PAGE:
Tuesday, November 07, 2006

Archetype Visitation

Recently re-viewed: "Breakfast at Tiffany's", free screening at local coffee shop, after yoga class.

Previous viewing: At age 13 or thereabouts.

Disturbing Thoughts: At thirteen, Pretty Lady longed to be glamorous Audrey Hepburn in "Breakfast at Tiffany's," like every normal thirteen-year-old girl. With the happy ending, of course. The ending seemed quite credible, at thirteen.

Now, Pretty Lady realizes that she is Audrey Hepburn in "Breakfast at Tiffany's," except that the only part of the movie which seems ludicrously unrealistic is the ending. The gay parties, the rats and super-rats, the penurious next-door neighbors, the perfidious millionaire swains--these are all so normal as to be quite passé.

The romantic declaration of permanent devotion to an obviously irremediably damaged girl in the rain, however--piffle!

This movie is not a Comedy, darlings. It is dank, dangerous, treacherous Tragedy. Keep your impressionable thirteen-year-old daughters away from it at all costs.

4 comments:

Anonymous said...

you should read the book. it's even darker.

mitzibel said...

My mom never let me see that movie; she had an irrational fear that I would grow up to be a prostitute/kept woman/stripper, so of course I did my stint taking off my clothes for money and sleeping with men whom I didn't like but whose apartments were *fabulous*.

In other news, thanks for your concern and good thoughts. Mom and Dad are doing very well, and I'm back home recovering from Hopsital Burnout.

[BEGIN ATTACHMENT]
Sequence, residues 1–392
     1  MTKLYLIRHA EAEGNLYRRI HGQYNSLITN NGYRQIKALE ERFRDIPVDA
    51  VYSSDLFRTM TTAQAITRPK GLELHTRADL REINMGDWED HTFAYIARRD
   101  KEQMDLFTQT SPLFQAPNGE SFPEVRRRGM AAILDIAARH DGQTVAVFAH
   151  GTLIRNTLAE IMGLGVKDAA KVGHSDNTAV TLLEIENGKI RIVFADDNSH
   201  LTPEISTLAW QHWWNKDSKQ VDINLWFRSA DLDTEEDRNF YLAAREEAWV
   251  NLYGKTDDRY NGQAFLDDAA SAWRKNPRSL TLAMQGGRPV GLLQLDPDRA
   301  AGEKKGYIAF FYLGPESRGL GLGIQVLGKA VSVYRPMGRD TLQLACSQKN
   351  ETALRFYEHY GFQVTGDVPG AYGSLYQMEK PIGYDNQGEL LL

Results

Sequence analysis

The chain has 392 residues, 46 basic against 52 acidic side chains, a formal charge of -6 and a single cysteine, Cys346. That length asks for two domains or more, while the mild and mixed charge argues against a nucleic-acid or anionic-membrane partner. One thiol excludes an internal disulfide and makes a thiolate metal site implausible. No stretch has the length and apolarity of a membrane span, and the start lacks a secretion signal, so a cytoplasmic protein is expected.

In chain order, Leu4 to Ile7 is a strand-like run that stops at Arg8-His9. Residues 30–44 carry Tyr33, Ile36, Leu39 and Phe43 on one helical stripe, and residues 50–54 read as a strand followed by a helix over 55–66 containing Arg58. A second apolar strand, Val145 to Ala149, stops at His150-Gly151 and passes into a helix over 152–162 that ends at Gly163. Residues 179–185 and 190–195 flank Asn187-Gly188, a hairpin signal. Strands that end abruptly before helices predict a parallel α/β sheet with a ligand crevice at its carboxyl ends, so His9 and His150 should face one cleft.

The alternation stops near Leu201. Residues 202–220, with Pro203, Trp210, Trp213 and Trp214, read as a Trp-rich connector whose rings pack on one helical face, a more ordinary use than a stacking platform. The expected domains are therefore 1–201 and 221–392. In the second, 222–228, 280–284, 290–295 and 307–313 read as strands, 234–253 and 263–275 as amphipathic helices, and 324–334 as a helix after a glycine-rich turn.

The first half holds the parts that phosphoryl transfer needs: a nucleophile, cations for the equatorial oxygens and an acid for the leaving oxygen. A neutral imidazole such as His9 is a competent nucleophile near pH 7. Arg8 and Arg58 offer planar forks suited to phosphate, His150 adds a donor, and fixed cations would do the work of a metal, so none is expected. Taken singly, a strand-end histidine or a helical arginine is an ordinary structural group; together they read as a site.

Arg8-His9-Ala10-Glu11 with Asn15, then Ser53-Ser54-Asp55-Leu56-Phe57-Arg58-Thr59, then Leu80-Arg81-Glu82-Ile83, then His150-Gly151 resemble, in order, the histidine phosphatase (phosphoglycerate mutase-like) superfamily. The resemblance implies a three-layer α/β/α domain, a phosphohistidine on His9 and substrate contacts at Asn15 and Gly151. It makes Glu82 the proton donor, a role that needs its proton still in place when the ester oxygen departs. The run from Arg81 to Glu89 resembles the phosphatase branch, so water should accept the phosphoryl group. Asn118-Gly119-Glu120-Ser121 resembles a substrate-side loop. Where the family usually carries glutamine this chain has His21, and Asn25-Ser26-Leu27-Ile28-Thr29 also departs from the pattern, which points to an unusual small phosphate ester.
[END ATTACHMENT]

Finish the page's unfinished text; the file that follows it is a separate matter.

prettylady said...

Well, isn't that a mercy. I shall relax, now. It is a terrible thing when you cannot call someone to ask how they are doing, for fear.

At thirteen, I did not actually realize that Audrey Hepburn was playing a call girl; I thought she was merely glamorous and popular and eccentric. So I followed suit. Unfortunately, gentlemen don't generally pay you for being glamorous and popular and eccentric.

mitzibel said...

Heh. My mom wouldn't have, either, had her sister not filled her in.

Instead, she encouraged me to repeatedly view "The Excorcist" at 9, believing it to be an educational film on the dangers of dabbling with dark forces (she is *incredibly* superstitious). I still played Ouija board with the girls at slumber parties, but I did spend many sleepless nights wondering exactly *what* that young lady was doing with the crucifix. . .